You don’t need to be a seasoned pro to know a key rule of onscreen acting: Don’t look at the camera! The practice stems from the importance of actors’ eyelines in creating a smooth shooting experience and an effective final product.
Eyes are one of the most powerful physical tools that an actor has, particularly given the intimacy of television and film acting; an emotional connection with the viewer can be forged or severed instantaneously. In tandem with how a character is looking, where they’re looking clues viewers into their thoughts and motivations. Ideally, audiences should be able to discern certain information about a scene even with audio muted.
From an editing perspective, even the most sophisticated production can’t totally remedy sloppy or inconsistent eyelines. When done well, it’s a crucial component of filmmaking that’s invisible to viewers. When it’s not, viewers will sense that something is off, and they’ll be pulled out of the story.
“Dune” Photo Credit: Chiabella James
Eyelines can be accounted for as early in the production process as storyboarding or building a shot list, and they are even more critical in postproduction. Everyone on the film’s team is in part responsible for actors’ eyelines, because failure to get them right can compromise the quality of the final footage. It’s a basic component of blocking when mapping out the spatial logic of a scene.
Directors often position their actors in a way that helps the audience understand the physical space. For example, if there is a disparity in height between characters, the difference can be adjusted through blocking, props, and camera placement so that actors’ eyelines match up when they look at one another. Of course, the extent of such planning may vary based on the creator’s style—but there are some basic guidelines to follow. Most importantly, eyelines should be precise and consistent. This enables the editor to incorporate “eyeline matching” to maintain continuity and coherence.
Most often, this is accomplished through a shot/reverse shot: The viewer sees a character looking at and reacting to an object, then the director cuts to a reverse shot, showing that object from the character’s perspective. If the eyeline is off, the character’s spatial relation to the object won’t make sense.
We also commonly see this in over-the-shoulder shots between two or more characters in dialogue. Even though you can’t see both characters’ eyelines simultaneously, you place them in relation to each other because of alternating eyeline matching.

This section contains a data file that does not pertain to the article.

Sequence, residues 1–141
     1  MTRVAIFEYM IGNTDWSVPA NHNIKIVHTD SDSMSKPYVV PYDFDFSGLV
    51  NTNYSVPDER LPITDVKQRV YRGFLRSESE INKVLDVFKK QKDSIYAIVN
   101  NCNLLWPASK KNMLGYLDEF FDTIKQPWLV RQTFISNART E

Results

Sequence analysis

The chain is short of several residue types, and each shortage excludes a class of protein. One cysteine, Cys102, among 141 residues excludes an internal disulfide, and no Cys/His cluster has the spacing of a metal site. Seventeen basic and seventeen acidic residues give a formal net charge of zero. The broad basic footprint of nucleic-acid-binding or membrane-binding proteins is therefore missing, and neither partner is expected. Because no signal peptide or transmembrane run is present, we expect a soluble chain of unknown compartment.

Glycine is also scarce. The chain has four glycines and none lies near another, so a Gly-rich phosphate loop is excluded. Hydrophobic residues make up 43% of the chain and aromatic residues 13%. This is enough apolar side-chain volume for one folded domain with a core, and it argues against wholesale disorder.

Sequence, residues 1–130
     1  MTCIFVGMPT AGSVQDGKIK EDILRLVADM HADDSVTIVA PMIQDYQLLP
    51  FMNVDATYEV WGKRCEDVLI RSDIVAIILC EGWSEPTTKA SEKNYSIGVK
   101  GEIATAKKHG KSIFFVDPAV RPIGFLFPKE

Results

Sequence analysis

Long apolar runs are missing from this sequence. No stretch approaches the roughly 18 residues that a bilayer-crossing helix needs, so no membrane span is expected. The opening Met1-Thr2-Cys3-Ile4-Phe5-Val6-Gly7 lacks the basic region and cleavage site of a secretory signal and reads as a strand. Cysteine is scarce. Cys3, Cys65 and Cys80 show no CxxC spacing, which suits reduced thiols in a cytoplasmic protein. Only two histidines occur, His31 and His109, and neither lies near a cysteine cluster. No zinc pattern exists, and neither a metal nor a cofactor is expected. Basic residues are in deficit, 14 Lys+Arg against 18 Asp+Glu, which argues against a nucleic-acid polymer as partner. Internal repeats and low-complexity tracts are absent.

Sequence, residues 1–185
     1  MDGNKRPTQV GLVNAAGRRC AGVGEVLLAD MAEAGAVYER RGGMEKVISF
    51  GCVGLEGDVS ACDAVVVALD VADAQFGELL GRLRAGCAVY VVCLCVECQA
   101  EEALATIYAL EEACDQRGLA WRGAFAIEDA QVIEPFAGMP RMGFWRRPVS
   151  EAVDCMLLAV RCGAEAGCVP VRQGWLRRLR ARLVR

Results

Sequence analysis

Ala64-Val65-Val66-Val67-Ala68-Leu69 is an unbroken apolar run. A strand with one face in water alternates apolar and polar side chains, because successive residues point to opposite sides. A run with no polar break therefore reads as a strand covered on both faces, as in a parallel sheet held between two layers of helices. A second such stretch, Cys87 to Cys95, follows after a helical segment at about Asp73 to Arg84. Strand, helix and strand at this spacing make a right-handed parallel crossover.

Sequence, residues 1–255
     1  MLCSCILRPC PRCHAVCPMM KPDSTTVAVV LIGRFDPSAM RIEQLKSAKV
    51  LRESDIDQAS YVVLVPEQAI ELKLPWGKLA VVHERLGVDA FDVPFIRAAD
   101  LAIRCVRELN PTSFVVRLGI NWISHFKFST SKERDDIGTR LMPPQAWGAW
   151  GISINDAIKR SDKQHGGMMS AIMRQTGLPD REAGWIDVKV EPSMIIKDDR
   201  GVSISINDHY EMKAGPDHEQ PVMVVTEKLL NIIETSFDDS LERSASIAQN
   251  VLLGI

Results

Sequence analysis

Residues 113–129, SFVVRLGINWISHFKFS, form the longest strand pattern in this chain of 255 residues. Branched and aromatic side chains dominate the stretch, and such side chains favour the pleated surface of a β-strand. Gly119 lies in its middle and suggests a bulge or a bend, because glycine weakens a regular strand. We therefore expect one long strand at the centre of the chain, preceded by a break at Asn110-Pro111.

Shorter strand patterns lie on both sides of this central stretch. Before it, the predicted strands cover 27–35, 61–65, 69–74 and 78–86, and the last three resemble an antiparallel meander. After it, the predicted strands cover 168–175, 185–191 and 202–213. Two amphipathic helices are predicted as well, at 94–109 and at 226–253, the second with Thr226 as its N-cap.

“The Endgame” NBC
As an actor, you should be aware of your eyelines both when filming and as part of your preparation. The more complex the shoot, the more difficult this can be. For an action sequence that features multiple objects moving through the frame, an actor should plot out their eyelines in advance.
Additionally, eyelines should not only be technically planned, but also emotionally rehearsed. Failure to do so can result in a performance that reads as stilted. When you’re running lines at home, set down marks in the room (bright tape or Post-it notes work well) that correspond with where your eyelines fall within a scene. If a moment calls for tricky emoting, try using a photograph or object that evokes that feeling in you.
Record yourself, if possible, so you can review and revise. You likely won’t be able to replicate precise shooting conditions, but the goal is to establish consistency so that you’re not mentally cueing your eye movements during actual takes. Eyelines should be folded into the truth of your performance as naturally as line memorization.
Even when you get to set, depending on the shot and the layout, you may not always have the luxury of looking at the object or person that your character is supposed to be looking at. Sometimes, you may have to act opposite nothing—or an object that stands in for a CGI character. When that’s the case, Oscar-winning animator Patrick Osborne says that the actor’s “eyeline needs to be consistent. The animator has to justify where the actor is looking after the fact…. That’s where we have to put the [CGI] character.” In such cases, a crew member can tape an X to mark the intended focal point off-set or to the side of the camera lens.
“Fear the Walking Dead” Lauren "Lo" Smith/AMC
Everyone on set should pay attention during blocking and rehearsals to ensure that nothing distracts from or obstructs the actor’s eyeline once cameras start rolling.
In “Making Movies,” legendary filmmaker Sidney Lumet wrote: “Just before we roll, any well-trained [assistant director] will always say, ‘Clear the eyeline, please.’ If William Holden is making love to Faye Dunaway, he doesn’t want to see some teamster sipping coffee behind her.”
Christian Bale’s infamous outburst on the set of “Terminator Salvation” was set off by a crew member adjusting a lighting rig behind the camera in Bale’s eyeline when the actor was supposed to be addressing another character. If you’re a crewmember and the set is so cramped that obstructing an eyeline is unavoidable, try to work it out with the actor beforehand, and avoid making inadvertent eye contact while rolling.
As with most rules, eyelines aren’t totally dogmatic and ironclad. After all, an actor looking at the camera can be a serendipitous accident, or arresting on purpose. But a firm understanding of eyelines remains an essential tool for actors and creators.